Year 2030 the Start of Worldwide Famine? Peak Phosphorus
Now a detailed projection of phosphorus production by two Australian researchers indicates that world phosphate rock production will most likely peak in 2027.
Phosphorus and its compounds are used in fertilisers, animal feed, detergents, and metal treatment operations. More than 80 percent of the phosphorus produced is utilised in fertilisers to assist in crop production, resulting in increased yields of up to 50 percent. Without the use of fertilisers it would be difficult to provide sufficient food for an expanding world population, which is projected to grow from around 0.9 billion in 1850 to 9 billion in 2050.
While some larger institutions and agencies (USGS) say that our supply will last 300 years or so, many independent researchers place peak phosphorus around the year 2030.
With many countries becoming more developed, the demand for meat rises. A diet containing meat uses 3 times more phosphate than a vegetarian diet. Biofuels are also demanding more phosphate as it requires large areas of farm land.
90% of phosphorus reserves are found in only a handful of countries; USA, China, South Africa, Jordan and Morocco. Of those, Morroco controls 85%. The USA only has 25 years left of reserves, currently America imports most of its phosphorus from Morocco. China has already placed large tariffs on exporting phosphorus mined in their borders.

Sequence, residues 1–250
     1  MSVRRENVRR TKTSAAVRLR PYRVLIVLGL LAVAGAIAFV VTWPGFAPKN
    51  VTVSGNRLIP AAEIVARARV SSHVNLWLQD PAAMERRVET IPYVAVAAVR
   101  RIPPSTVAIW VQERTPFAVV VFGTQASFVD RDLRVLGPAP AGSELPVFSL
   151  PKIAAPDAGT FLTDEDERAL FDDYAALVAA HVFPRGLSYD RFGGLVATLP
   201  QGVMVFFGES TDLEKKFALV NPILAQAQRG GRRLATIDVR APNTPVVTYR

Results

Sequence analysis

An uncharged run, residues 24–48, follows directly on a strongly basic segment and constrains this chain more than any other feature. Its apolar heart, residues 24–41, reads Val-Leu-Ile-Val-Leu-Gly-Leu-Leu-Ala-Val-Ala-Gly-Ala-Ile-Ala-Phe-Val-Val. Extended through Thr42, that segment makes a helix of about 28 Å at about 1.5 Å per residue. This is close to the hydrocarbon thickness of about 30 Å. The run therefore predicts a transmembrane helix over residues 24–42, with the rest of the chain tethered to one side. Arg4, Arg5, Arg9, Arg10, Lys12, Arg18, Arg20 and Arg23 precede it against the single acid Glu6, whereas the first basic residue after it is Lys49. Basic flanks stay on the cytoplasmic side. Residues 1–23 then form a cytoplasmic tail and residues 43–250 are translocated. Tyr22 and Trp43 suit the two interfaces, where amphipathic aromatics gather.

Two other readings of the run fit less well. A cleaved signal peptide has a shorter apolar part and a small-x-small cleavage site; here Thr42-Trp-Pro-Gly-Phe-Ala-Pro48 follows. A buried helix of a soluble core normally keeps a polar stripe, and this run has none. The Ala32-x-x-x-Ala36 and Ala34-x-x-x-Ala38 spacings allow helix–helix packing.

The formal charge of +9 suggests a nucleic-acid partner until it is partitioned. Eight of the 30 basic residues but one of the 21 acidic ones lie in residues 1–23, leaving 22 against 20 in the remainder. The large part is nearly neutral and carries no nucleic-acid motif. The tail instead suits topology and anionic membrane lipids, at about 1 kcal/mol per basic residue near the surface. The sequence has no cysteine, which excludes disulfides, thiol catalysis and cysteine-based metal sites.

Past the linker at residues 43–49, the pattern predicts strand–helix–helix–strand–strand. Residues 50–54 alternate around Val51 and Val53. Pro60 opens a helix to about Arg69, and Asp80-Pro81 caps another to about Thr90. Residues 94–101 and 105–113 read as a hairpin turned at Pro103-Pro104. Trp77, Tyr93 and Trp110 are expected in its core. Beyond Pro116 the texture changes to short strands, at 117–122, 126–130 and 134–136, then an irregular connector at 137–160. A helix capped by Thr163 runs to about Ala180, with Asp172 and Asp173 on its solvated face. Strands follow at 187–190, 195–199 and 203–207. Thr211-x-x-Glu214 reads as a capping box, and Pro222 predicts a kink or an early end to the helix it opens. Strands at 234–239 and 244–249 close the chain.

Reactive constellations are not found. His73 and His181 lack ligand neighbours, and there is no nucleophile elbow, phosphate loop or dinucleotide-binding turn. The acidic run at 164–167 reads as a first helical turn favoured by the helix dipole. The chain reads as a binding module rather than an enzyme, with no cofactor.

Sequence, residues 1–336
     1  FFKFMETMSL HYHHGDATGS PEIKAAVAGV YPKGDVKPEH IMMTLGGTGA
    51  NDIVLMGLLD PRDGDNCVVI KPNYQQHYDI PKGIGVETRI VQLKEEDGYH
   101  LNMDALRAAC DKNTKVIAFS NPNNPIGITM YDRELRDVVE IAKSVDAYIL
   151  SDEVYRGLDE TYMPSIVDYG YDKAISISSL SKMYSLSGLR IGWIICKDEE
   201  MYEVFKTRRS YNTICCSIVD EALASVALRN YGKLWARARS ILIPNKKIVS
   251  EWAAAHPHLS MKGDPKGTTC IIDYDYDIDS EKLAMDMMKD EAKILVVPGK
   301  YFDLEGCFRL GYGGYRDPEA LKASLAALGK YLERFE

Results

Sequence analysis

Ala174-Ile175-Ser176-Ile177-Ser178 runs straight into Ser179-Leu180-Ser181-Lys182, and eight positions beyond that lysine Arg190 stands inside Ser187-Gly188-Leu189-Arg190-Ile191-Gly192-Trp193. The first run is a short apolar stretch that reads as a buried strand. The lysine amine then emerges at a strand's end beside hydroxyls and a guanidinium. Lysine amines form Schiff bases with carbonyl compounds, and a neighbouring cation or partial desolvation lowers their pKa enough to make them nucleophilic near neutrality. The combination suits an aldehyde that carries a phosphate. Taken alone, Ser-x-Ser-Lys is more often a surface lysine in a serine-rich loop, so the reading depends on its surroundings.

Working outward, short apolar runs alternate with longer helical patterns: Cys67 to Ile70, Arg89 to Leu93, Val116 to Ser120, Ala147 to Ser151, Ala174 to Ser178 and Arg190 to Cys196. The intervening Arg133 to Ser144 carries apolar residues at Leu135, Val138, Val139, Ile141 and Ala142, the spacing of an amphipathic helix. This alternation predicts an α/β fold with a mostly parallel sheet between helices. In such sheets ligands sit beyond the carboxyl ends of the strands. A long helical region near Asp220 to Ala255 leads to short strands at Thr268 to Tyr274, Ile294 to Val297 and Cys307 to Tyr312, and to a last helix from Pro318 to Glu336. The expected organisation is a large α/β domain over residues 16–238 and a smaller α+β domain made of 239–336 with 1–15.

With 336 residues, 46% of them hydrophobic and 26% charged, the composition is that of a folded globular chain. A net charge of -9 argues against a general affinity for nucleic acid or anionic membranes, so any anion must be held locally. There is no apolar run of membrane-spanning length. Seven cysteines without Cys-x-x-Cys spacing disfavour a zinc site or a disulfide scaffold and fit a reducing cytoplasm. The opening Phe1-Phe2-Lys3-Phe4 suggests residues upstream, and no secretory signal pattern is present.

Meanwhile, billionaires are buying up huge amounts of farm land all over to capitalize on the population boom over the next 30 years and to satisfy the rising middle class and their demand for meat.
While there are ways to recycle phosphorus (animal and human waste) we are still depleting our reserves at an alarming rate. Also worrying is that only 20% of phosphate is utilized in farming with 80% wasted. Much of running off into bodies of water and creating algae blooms by depleting oxygen and threating marine life. Lake Erie has a yearly battle with the blooms Lake Erie Algae Blooms
So will we reach the peak in 2030? If the government knew we were going to reach peak in just 15 years, would they tell us, or just claim that we have more to pacify us? Even a worse thought, would they want to wait to fix the problem as a means of population control (maybe a stretch?). It was just in 2011 that the USGS increased the number from 17.63 billion tons to a shocking amount more, 71.65 billion tons in reserves.
One thing is for sure, peak phosphorus is inevitable and there is a lot of disagreement between independent scientists and large agencies on when it will occur.
Pedro Sanchez, director of the Agriculture and Food Security Center at the Earth Institute, does not believe there is a shortage of phosphorus. “In my long 50-year career, “ he said. “Once every decade, people say we are going to run out of phosphorus. Each time this is disproven. All the most reliable estimates show that we have enough phosphate rock resources to last between 300 and 400 more years.”
In 2010, the International Fertilizer Development Center determined that phosphate rock reserves would last for several centuries. In 2011, the U.S. Geological Survey revised its estimates of phosphate rock reserves from the previous 17.63 billion tons to 71.65 billion tons in accordance with IFDC’s estimates. And, according to Sanchez, new research shows that the amount of phosphorus coming to the surface by tectonic uplift is in the same range as the amounts of phosphate rock we are extracting now.